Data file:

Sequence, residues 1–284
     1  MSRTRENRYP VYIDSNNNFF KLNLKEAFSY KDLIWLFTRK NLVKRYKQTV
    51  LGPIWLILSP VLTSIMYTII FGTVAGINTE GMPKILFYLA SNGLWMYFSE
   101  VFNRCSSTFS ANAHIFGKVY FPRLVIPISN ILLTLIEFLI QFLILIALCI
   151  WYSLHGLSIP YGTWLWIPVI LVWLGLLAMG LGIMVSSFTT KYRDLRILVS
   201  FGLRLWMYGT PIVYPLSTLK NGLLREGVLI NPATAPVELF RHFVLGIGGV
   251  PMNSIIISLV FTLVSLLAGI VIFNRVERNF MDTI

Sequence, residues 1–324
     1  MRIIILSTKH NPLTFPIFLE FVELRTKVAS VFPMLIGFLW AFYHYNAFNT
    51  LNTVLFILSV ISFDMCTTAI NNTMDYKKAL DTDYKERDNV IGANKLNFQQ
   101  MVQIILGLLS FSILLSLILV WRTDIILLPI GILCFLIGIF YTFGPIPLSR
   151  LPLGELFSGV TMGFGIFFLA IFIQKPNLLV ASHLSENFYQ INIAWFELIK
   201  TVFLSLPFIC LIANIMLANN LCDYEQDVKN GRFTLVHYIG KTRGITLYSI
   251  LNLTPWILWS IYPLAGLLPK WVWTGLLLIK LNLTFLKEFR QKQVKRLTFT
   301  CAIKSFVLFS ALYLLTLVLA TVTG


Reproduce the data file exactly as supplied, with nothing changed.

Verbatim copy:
Sequence, residues 1–284
     1  MSRTRENRYP VYIDSNNNFF KLNLKEAFSY KDLIWLFTRK NLVKRYKQTV
    51  LGPIWLILSP VLTSIMYTII FGTVAGINTE GMPKILFYLA SNGLWMYFSE
   101  VFNRCSSTFS ANAHIFGKVY FPRLVIPISN ILLTLIEFLI QFLILIALCI
   151  WYSLHGLSIP YGTWLWIPVI LVWLGLLAMG LGIMVSSFTT KYRDLRILVS
   201  FGLRLWMYGT PIVYPLSTLK NGLLREGVLI NPATAPVELF RHFVLGIGGV
   251  PMNSIIISLV FTLVSLLAGI VIFNRVERNF MDTI

Sequence, residues 1–324
     1  MRIIILSTKH NPLTFPIFLE FVELRTKVAS VFPMLIGFLW AFYHYNAFNT
    51  LNTVLFILSV ISFDMCTTAI NNTMDYKKAL DTDYKERDNV IGANKLNFQQ
   101  MVQIILGLLS FSILLSLILV WRTDIILLPI GILCFLIGIF YTFGPIPLSR
   151  LPLGELFSGV TMGFGIFFLA IFIQKPNLLV ASHLSENFYQ INIAWFELIK
   201  TVFLSLPFIC LIANIMLANN LCDYEQDVKN GRFTLVHYIG KTRGITLYSI
   251  LNLTPWILWS IYPLAGLLPK WVWTGLLLIK LNLTFLKEFR QKQVKRLTFT
   301  CAIKSFVLFS ALYLLTLVLA TVTG